‘The Holdovers’ sensation Da’Vine Joy Randolph embraced an unconventional approach to portray a mourning mother in Alexander Payne’s latest tragicomedy

It wasn’t that Da’Vine Joy Randolph had never witnessed Alexander Payne’s cinematic works. She simply was oblivious to Alexander Payne’s identity.

“Embarrassingly enough, this is the sequence of events,” the 37-year-old thespian recounts her tale about the initial encounter with the illustrious writer-director, celebrated for productions such as Election, Sideways and The Descendants, for his most recent piece, The Holdovers.

“I received a message from my representatives saying, ‘Alexander Payne desires a conference with you.’ I acknowledged, ‘All right.’ We proceed to this virtual meeting, I am in discourse with this gentleman, and he’s expounding on his new venture. And he expresses, ‘I am contemplating you for this part.’ To which I responded, ‘Great. Should you have any films you’d recommend to aid my familiarity with you and your oeuvre, feel free to suggest them.’”

Payfack.payne hesitantly brought up Sideways. “Ah, the wine film!” Randolph exclaimed. Next, The Descendants. “Ah, the one with George Clooney

Not taking offense, the director cast Randolph — who garnered a Tony nod for Ghost: The Musical, has graced the series High Fidelity and Only Murders in the Building, and can claim her most substantial film role to date in the Eddie Murphy-starring Dolemite Is My Name — in what could be the definitive performance of her nascent screen saga. The Pennsylvanian is viewed as one of the leading contenders for an upcoming Oscar as Best Supporting Actress.

Da'Vine Joy Randolph, Paul Giamatti and Dominic Sessa star in The Holdovers. (Seacia Pavao/Focus Features/Courtesy Everett Collection)Da'Vine Joy Randolph, Paul Giamatti and Dominic Sessa star in The Holdovers. (Seacia Pavao/Focus Features/Courtesy Everett Collection)

Da’Vine Joy Randolph, Paul Giamatti and Dominic Sessa headline in The Holdovers. (Seacia Pavao/Focus Features/Courtesy Everett Collection)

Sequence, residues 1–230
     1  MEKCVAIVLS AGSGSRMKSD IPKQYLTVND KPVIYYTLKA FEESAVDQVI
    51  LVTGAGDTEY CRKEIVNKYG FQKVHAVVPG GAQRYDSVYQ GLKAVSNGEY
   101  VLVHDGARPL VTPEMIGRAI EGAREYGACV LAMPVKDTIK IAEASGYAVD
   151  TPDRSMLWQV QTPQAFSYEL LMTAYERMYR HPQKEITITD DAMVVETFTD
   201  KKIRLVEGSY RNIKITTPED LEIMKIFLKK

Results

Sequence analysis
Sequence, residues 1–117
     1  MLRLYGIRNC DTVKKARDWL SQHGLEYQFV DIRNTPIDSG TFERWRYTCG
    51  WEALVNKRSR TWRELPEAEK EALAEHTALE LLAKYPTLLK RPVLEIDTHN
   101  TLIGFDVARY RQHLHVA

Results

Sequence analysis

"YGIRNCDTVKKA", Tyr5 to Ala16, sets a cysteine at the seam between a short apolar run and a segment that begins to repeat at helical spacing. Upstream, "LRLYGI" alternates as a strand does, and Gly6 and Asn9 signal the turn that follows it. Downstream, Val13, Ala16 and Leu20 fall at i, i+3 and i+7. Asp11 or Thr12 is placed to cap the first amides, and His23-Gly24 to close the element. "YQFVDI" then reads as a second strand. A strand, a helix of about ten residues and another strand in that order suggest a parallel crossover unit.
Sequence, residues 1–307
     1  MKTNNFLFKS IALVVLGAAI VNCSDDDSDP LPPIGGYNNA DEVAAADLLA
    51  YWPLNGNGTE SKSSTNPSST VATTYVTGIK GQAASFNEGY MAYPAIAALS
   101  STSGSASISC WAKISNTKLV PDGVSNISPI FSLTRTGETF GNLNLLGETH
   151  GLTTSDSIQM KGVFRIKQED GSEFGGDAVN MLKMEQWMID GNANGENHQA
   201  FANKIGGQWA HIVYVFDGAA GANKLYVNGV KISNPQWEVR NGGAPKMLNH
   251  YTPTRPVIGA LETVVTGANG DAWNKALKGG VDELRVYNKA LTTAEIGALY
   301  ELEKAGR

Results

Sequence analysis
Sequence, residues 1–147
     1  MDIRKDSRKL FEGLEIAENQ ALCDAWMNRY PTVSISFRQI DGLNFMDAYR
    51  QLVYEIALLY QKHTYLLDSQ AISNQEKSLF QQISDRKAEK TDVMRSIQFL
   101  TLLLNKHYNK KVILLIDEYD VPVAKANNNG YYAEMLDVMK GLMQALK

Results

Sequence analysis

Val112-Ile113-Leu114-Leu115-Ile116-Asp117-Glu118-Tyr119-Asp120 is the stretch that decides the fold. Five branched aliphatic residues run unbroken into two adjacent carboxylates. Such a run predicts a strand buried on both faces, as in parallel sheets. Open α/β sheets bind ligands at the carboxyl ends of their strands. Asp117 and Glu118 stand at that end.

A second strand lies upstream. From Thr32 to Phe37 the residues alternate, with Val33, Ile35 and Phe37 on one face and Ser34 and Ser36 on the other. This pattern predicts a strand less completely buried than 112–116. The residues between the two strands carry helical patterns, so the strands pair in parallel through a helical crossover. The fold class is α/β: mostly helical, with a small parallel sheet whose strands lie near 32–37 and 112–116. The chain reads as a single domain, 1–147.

She portrays Mary Lamb, the chief cook at a preparatory school in 1970s New England who steps in amidst the climbing discord between a surly academic (Paul Giamatti) and the sole pupil (promising talent Dominic Sessa) left stranded at the academy during winter recess. The lingering sorrow from the demise of Mary’s son in Vietnam fuels a robust yet heart-rending representation by the Yale School of Drama graduate.

“The tale’s inherent despair was substantial,” Randolph posits regarding the profound mourning in the plot. “Ultimately, I was so driven to narrate her story, finding it profoundly moving, that I was prepared to act as the conduit for it. The beauty in performance arts lies in embodying individuals’ lives and artistically showcasing a spectrum of potentials. I must be sincere in this instance and entirely yield to this.”

Randolph decidedly adopted what one could term as the antithesis of Method acting.

“Honestly, it’s the middle of winter in Boston. That’s melancholic in and of itself for me, so I abstained from delving deeper into a depressive state throughout the entire winter. Instead, I actively pursued the contradiction. I indulged in animated shows, embraced humor, played the clown on location, and such. This ensured that my emotive space was prepared for then having that.”

The Holdovers is presently screening.

Check Also

The It List: Bradley Cooper transforms into Leonard Bernstein in ‘Maestro,’ Ridley Scott’s ‘Napoleon’ reunites him with Joaquin Phoenix, Netflix animated musical ‘Leo’ stars Adam Sandler as an old pet lizard

WATCH IT: Bradley Cooper conducts his latest Oscar hopeful, Maestro A new directing star was …

Leave a Reply

Your email address will not be published. Required fields are marked *